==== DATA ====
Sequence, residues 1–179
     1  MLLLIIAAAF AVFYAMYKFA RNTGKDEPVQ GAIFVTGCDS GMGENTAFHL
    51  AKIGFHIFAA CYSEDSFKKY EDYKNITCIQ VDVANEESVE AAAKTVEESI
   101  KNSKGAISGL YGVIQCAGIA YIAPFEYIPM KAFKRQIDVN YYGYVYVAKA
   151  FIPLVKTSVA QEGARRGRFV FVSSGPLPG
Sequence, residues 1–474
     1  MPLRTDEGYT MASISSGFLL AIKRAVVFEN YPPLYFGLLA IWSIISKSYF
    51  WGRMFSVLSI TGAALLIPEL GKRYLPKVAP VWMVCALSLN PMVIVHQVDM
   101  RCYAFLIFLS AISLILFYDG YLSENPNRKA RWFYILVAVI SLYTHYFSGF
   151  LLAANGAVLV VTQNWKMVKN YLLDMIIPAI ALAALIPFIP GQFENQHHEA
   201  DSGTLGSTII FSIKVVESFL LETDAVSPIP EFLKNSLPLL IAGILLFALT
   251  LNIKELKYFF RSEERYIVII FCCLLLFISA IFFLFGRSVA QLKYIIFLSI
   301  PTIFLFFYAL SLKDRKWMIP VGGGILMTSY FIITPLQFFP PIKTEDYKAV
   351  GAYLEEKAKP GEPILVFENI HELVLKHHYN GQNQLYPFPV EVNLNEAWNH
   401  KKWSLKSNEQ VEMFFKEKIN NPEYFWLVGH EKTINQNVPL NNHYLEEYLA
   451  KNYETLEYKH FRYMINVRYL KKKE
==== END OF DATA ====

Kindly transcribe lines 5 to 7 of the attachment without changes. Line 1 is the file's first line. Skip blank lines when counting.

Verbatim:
   151  FIPLVKTSVA QEGARRGRFV FVSSGPLPG
Sequence, residues 1–474
     1  MPLRTDEGYT MASISSGFLL AIKRAVVFEN YPPLYFGLLA IWSIISKSYF